I catch myself worrying constantly.
I know I’m not the only one. Last week, a friend of mine expressed the high level of anxiety she’s been feeling and the thoughts that have been churning in her brain related to her daughter’s situation at school. Another friend admitted that in preparation of her big move overseas, she’s been plagued by multiple worries despite her efforts to battle them by doing her best to prepare for the move.
Much of the time, I don’t even realize how plagued by anxiety I really am. The mental dogs begin to bite. The bees sting. And I catch myself making agreements with the negative, pessimistic, cynical worries rummaging through my brain. As a Christian, I believe this is a form of spiritual warfare. Each time I make an agreement with Satan, I negate what God is trying to do in me.
“You’re gaining so much weight while you’re pregnant. You will never look the same after this.”
“You’re going to be tied to the house forever after having this baby. You won’t ever get to do anything fun or adventurous again, and you will be alone doing it, because your husband will be able to go and do as he pleases while you’ll be stuck at home.”
“Don’t you think your husband is going to find some younger, prettier, skinnier, non-pregnant woman to pine after?”
On my worst days, my response to these nagging negative thoughts is, “Yes. You’re right. I am fat. My life is going to be miserable. My husband will probably find someone else.”
The minute I succumb to these thoughts and agree with their negative messages, the minute I’m forfeiting the truth that God is ultimately in charge, and only He knows what lies ahead. I’m choosing to align myself with darkness rather than light. I’m also giving up my peace of mind and making room for more anxiety in its place.
I don’t want to give up what God’s given to me. I want to be free from insomnia caused by anxiety. I don’t want to spend my time contemplating upcoming events and decisions, attempting to plan out what I have no control over. But how can I fight such a pervasive force? How can I overcome a problem that is so subtle that I often overlook its onset?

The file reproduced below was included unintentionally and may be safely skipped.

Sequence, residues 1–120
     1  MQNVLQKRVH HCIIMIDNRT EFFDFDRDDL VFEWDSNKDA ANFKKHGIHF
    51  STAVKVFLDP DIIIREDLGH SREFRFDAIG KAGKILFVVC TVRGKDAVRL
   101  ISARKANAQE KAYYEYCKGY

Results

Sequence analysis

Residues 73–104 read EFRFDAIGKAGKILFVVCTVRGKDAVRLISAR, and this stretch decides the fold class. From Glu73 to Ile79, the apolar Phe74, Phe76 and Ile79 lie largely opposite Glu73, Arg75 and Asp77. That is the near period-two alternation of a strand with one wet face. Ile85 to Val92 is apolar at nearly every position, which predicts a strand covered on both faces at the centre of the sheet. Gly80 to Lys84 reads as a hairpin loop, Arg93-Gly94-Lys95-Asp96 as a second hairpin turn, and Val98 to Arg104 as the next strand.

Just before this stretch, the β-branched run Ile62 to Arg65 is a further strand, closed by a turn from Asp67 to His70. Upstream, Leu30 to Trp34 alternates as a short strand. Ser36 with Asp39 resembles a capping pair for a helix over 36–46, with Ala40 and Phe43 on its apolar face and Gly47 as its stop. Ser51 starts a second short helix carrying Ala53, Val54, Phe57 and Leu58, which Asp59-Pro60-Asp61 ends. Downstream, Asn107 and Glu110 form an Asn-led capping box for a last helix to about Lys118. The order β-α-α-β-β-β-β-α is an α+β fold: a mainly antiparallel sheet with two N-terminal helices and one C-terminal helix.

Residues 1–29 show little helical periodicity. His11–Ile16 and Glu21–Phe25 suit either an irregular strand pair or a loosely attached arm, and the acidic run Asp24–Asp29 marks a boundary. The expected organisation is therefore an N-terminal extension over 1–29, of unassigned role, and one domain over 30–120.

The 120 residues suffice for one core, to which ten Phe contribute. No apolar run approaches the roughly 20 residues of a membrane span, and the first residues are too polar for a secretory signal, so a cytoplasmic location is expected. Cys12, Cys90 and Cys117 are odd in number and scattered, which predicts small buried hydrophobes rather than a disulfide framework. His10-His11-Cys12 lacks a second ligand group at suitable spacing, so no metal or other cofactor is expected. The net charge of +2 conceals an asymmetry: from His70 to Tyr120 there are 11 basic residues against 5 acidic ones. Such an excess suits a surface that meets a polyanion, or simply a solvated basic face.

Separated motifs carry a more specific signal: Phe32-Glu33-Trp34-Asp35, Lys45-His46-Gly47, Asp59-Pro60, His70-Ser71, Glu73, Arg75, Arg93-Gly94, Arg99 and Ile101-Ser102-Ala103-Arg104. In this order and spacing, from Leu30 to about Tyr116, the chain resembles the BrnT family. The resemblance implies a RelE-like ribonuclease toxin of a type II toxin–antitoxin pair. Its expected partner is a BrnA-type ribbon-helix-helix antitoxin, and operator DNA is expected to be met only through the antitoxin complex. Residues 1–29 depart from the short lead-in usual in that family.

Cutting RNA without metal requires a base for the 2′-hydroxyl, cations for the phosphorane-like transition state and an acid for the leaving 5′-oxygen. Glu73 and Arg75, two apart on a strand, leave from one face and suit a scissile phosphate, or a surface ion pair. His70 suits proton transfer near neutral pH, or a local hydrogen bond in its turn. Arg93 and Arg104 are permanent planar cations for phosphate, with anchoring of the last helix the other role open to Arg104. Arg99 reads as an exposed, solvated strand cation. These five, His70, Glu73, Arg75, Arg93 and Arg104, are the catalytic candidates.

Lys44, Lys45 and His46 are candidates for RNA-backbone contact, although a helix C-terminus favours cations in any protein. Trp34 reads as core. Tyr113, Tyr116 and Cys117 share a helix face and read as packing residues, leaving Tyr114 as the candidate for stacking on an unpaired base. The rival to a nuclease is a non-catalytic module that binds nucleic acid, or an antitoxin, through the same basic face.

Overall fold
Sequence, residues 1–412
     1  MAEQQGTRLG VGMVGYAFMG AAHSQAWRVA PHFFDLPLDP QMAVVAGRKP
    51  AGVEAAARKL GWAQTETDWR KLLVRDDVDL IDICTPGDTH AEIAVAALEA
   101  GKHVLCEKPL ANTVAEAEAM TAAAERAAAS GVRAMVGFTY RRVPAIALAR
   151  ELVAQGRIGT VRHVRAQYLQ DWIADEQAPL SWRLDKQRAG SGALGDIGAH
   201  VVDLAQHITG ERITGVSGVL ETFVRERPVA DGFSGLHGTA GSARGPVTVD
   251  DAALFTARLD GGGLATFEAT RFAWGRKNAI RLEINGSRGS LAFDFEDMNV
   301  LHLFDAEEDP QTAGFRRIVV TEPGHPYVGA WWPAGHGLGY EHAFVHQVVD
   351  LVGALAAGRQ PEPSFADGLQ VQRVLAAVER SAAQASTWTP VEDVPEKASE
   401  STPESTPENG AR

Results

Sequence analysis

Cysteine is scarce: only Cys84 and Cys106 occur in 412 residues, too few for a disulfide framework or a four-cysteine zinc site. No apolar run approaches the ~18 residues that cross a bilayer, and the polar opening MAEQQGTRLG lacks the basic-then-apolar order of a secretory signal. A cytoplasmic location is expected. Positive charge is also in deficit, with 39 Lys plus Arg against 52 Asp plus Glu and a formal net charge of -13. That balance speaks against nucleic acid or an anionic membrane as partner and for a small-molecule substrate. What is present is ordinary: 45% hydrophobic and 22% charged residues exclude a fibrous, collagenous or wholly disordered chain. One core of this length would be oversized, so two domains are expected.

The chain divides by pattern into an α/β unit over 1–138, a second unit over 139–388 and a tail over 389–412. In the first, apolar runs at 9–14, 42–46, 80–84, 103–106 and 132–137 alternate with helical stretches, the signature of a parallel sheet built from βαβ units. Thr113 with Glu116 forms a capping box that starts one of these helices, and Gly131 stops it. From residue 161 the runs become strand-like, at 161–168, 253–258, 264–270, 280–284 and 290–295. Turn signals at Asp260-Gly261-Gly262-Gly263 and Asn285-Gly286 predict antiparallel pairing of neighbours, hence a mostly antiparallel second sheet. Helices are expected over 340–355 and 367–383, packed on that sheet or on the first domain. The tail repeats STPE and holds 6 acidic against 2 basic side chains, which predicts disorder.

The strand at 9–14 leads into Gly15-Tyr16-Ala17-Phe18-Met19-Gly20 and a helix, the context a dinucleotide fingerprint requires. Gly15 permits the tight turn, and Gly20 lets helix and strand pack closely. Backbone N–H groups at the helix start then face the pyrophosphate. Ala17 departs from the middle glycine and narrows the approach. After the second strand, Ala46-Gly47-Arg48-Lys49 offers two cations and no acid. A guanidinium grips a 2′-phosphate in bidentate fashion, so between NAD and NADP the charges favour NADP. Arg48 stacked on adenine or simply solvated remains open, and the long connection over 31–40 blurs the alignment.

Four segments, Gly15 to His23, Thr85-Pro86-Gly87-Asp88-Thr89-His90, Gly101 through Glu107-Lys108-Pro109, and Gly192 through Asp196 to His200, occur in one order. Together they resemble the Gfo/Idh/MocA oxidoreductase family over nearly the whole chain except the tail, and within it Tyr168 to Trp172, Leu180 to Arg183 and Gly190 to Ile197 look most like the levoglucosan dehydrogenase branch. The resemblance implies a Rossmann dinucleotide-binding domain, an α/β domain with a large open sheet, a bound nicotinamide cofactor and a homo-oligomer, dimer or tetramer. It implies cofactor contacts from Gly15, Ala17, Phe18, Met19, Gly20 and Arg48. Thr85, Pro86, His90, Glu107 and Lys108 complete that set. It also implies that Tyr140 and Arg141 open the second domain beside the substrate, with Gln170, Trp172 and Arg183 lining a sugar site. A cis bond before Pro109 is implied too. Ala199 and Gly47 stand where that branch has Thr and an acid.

This morning, I read Philippians 4:6-7.
“Do not be anxious about anything, but in everything, by prayer and petition, with thanksgiving, present your requests to God. And the peace of God, which transcends all understanding, will guard your hearts and your minds in Christ Jesus.”
When I read these verses, a spiritual lightbulb turned itself on inside of me (either that, or my one daily cup of coffee kicked into gear). Ah. Positive opposites.
In the anonymous 12-step recovery program I’m part of, we utilize the tool of practicing positive opposites in order to overcome our own negative tendencies or to counteract character defects. Am I feeling extremely critical of my boss? I’ll do the opposite and choose to praise her for the good things I notice instead. Do I tend to wallow in self-pity because of the difficult situation I find myself in at home? Instead of eating a gallon of ice cream, watching a sad movie, and tearing through boxes of Kleenex, I’ll do the opposite and invest my time in paying attention to the needs of others and making efforts to help them through their difficulties. I’ll volunteer with a local non-profit or pray for friends who are hurting.
It’s quite simple.
And this morning, I noticed it’s also quite Biblical. Am I anxious? Instead of letting anxiety overwhelm me, I will actively pray (repeatedly) with gratitude and thanksgiving. Instead of focusing on the what ifs, I’ll focus on what is. God Is. And He has showered me with countless beautiful blessings, some obvious and others donned in clever and humorous disguises. And thankfully, God promises me that if I combat the anxiety with grateful prayers, His peace will guard my heart and mind.
I need that.